Still, the exporting company’s name has been treated like a state secret — as are the names of the banks involved, for fear they might become the targets of American wrath. Also, there have been no Iranian imports to the E.U. in return, as laid out in the original concept of the barter system. The amount due for the shipment has been provided by Instex itself.

Get through all that? Here’s the tl;dr version: Under constant American diplomatic pressure and threats, Instex has gone from being promoted as the linchpin of an independent European foreign policy to a company sending less than a million euros’ worth of humanitarian aid to Iran in half-secrecy. The once-defiant posture — Europe proudly standing up to a bully — is long gone.

Standing up to a bully. Sauerbrey has not noticed that the weak sisters of Western Europe are effectively submitting and bending over for the Iranian bully. Which one is their ally? 

For Europe, a direct neighbor of the Middle East, the stakes of Mr. Trump’s risky Iran strategy are extremely high; in January, Europeans learned that the American president would put the Continent’s security interests at risk without batting an eye. This, as well as the bitter lessons learned from the Instex experiment, illustrate once again how hard it is to run an independent foreign policy in a dollar world in which the United States is weaponizing trade. European policymakers have been left with both a sense of urgency and a feeling of utter impotence. Not a comfortable pairing.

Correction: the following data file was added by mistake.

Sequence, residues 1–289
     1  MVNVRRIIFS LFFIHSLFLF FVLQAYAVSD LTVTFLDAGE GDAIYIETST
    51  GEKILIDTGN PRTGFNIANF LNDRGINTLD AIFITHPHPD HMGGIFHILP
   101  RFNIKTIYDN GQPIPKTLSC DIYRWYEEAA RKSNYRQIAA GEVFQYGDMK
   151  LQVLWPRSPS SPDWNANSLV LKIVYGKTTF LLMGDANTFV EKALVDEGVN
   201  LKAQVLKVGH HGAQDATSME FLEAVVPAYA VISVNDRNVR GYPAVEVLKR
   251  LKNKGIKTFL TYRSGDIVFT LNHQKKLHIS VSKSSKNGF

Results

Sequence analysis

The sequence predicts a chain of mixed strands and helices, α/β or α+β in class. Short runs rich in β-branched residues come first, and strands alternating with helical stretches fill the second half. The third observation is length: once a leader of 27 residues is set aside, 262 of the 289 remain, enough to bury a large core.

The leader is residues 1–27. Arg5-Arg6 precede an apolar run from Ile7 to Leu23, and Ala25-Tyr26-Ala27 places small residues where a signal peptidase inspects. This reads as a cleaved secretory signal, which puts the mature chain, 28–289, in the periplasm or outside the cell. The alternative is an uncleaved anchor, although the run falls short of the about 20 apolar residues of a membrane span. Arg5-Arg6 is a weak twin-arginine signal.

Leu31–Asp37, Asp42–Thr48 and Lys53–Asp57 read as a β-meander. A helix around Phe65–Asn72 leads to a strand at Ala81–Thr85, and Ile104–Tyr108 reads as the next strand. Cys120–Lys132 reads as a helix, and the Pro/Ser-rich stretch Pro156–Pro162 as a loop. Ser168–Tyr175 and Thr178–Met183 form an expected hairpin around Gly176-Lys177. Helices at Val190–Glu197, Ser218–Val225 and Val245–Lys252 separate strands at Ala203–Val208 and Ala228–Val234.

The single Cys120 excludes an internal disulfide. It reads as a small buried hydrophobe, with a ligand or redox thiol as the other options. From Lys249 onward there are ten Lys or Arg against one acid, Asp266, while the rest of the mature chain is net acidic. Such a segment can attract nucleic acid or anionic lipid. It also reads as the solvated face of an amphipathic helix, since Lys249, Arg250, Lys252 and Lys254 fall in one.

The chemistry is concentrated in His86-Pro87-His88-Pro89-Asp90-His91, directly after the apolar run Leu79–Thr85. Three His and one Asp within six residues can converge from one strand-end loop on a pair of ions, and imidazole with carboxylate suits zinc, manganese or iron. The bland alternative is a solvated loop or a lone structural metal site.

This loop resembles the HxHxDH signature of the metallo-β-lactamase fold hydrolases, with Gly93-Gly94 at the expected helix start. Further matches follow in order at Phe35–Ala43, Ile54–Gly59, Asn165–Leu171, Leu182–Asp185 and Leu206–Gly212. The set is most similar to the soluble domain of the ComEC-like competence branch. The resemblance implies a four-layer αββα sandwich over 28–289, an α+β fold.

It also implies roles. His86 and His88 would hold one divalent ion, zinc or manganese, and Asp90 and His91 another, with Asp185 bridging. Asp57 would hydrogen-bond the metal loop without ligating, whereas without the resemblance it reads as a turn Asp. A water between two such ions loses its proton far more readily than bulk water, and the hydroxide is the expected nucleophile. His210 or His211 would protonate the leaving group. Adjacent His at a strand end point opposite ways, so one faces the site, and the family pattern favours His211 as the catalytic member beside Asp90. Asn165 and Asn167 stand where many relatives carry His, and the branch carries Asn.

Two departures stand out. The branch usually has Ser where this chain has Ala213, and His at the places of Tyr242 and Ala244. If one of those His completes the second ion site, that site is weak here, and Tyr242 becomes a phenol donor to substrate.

At present, it looks like German foreign policymakers are willing to live with it, for lack of better options and for fear of retaliation if they step out of line. They are sustained by a vague hope that Iran’s nuclear program can be contained until the American presidential election. If Donald Trump is re-elected on Nov. 3, however, a tipping point may be reached: The danger of sticking with the United States will outweigh the danger of letting go. Alternate partners have already offered themselves: Both China and Russia have long worked on diminishing their dependency on the dollar and on financial transaction channels dominated by the United States. They have followed Europe’s Instex initiative with great interest, offering to join in. So far, Germany has declined the offer.


Dan Patterson said...

A fascinating puzzle with no pleasant answer in this the global theater of diversity and equality, and of self-deception. And for the ruin of formerly stable societal foundations the blame is squarely at the feet of women in power. It is a recent fashion to not only treat the fairer sex with deference but to cower before them - watching all the while as they place first one, then the other foot firmly in a bucket and stomp around the dance floor seeking approval.